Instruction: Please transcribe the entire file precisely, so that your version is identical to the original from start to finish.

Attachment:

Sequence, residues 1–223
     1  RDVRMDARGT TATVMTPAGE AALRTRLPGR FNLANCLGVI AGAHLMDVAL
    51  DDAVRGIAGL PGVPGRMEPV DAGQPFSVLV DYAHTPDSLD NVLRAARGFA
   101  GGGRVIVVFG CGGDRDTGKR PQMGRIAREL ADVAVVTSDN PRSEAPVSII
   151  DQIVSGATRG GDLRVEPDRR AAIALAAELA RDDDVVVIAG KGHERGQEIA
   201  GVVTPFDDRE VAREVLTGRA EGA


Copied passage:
Sequence, residues 1–223
     1  RDVRMDARGT TATVMTPAGE AALRTRLPGR FNLANCLGVI AGAHLMDVAL
    51  DDAVRGIAGL PGVPGRMEPV DAGQPFSVLV DYAHTPDSLD NVLRAARGFA
   101  GGGRVIVVFG CGGDRDTGKR PQMGRIAREL ADVAVVTSDN PRSEAPVSII
   151  DQIVSGATRG GDLRVEPDRR AAIALAAELA RDDDVVVIAG KGHERGQEIA
   201  GVVTPFDDRE VAREVLTGRA EGA